After Eamon’s last costume experience at school, I spent a little bit of time preparing him to rebuff any negative feedback he might receive at school, especially since I found out that half the school was going as either a fish or a shark.  I really want my kids to be their own people and not follow the crowd, but sometimes it stings to see them get their feelings hurt when they try to be original.

At the end of the Carnival party day, Eamon ran out to me to give me the update.  Apparently everyone loved his seaweed costume and, according to him, “The kids ‘got’ it better than they did my Picasso outfit.”

We’ve got a seaweed costume if anyone needs to borrow it.

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french word of the day

Vomir is the verb nobody wants to learn……..first-hand anyway.  Not sure I really need to translate the meaning of that one.

Just when we were ramping up for our big crêpe flipping holiday, Eamon and half the school came down with the the “gastro,” as they call it here.  This put our jackpot winning plans on hold and canceled the crêpe event at school.  We’re making crêpes this weekend instead, but I’m afraid we may have missed the holiday deadline for flipping crepes and getting lucky with gold coins.

Fortunately, the boulanger doesn’t mind helping us out in a crisis.  Yesterday when I stopped by the bakery, here is what I found:

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Crêpes à la maison – we didn’t throw them, we (minus Eamon) just ate them.  Yum!

If anyone wants to spend their holiday coin fortune on a small vacation home in France, let me know.  I’ve got my eye on a hipster compound for you.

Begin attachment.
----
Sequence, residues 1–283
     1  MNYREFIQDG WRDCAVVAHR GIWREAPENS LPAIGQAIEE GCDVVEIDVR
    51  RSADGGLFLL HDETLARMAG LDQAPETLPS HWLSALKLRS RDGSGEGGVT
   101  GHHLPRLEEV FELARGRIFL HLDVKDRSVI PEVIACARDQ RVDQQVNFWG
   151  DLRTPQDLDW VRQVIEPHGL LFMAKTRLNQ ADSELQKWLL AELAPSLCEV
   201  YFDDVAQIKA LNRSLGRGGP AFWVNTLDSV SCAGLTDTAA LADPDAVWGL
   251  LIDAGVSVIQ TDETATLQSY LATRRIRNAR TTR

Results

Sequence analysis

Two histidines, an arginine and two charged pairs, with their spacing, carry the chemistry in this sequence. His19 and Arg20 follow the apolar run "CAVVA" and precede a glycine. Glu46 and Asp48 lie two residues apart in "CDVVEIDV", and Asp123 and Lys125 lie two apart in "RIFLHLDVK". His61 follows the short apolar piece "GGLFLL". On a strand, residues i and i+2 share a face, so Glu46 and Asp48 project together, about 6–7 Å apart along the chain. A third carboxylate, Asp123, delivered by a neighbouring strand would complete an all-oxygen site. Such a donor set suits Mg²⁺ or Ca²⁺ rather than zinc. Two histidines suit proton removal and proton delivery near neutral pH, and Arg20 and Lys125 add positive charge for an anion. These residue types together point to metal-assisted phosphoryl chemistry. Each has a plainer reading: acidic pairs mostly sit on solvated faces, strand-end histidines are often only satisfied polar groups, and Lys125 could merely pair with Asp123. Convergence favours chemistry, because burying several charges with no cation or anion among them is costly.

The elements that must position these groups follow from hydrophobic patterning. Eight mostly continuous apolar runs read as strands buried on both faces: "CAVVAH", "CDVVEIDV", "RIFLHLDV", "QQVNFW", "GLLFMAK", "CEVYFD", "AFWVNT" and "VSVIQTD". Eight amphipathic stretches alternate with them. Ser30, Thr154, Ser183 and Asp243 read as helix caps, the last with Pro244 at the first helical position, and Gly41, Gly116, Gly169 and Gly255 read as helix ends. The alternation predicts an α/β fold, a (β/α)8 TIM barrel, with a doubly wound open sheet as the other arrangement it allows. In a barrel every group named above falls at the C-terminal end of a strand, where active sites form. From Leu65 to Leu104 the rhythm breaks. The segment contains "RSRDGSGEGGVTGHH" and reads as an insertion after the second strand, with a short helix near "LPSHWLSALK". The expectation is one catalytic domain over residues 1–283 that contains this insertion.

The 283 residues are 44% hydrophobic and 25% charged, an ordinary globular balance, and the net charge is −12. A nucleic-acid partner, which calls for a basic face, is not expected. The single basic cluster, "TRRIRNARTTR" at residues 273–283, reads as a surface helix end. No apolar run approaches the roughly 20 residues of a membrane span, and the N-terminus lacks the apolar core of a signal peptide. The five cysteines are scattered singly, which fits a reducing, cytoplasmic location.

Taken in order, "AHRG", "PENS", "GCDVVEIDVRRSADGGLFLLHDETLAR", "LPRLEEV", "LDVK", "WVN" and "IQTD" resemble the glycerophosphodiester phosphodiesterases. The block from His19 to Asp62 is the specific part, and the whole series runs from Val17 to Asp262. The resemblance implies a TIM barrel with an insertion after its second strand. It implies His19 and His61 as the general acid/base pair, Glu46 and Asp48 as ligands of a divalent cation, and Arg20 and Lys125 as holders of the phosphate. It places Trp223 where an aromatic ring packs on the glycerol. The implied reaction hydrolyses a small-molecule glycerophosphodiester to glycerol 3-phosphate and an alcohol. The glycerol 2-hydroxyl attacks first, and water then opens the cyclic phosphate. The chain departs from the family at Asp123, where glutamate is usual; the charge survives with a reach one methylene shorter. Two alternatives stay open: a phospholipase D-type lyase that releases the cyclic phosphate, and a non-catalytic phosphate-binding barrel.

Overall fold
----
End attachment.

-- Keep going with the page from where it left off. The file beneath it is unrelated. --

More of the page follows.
holiday warning!

In the past I’ve told you about a few kooky French holiday celebrations after they’ve happened.  Today I just found out about another quirky holiday coming up so I’d thought I’d give you a couple of days advanced notice so that you can celebrate along with us.  The impending holiday is called La Chandeleur or Candlemas.  Since I haven’t lived through this one yet, I’ll give you the rundown from Wikipedia:

In France, crêpes are traditionally served on Candlemas (La Chandeleur), February 2. This day was originally Virgin Mary’s Blessing Day but became known as “avec Crêpe Day”, referring to the tradition of offering crêpes. The belief was that if you could catch the crêpe with a frying pan after tossing it in the air with your left hand and holding a gold coin in your right hand, you would become rich that year.[5]

Apparently, at school today the teachers pulled out some crêpe pans and the kids were practicing tossing gold coins to improve their chance for riches in advance of the holiday.  I’ll let you know how it works out both at school and at home, since you better believe I’ll be throwing crêpes and gold coins on what I consider to be Groundhog Day.  To be honest, I think that throwing crêpes and coins is much more fun than watching a groundhog.  Sorry Phil.

If you’re interested in making French crêpes, there are 2 kinds.  The first is called galette which is a savory type of crêpe made buckwheat flour.  It is usually used for dinner crêpes with things like cheese and smoked fish inside.  The other type of crêpe is made with white flour and is mainly used for dessert crêpes with sweet things inside.

Here are the recipes for both types of crêpes:

Best of luck for many riches this year!  Let me know how it goes.

galette des rois

One of the coolest things about being in France is getting to experience the many little celebrations that I’ve never heard of before.  Also, there’s not much I like more than little celebrations which involve cake.  Bring on Epiphany!

The latest in the lineup of little celebrations is the Feast of the Epiphany which happened on January 6th. This holiday clearly has religious meaning, but I choose not to get too caught up in the religious aspect of it and spend all my energy focusing on the cake that comes with it.

The cake for Epiphany is called Le Galette des Rois and it is basically a round, puff-pastry tart with almond or apple filling inside. Also baked inside this cake is a little porcelain figurine, called a fève, that ends up in one piece of the cake when it is all sliced up. Whenever you buy this cake you are also given a paper crown to go with it.

Here’s what we knew about this cake before arriving in France: nothing.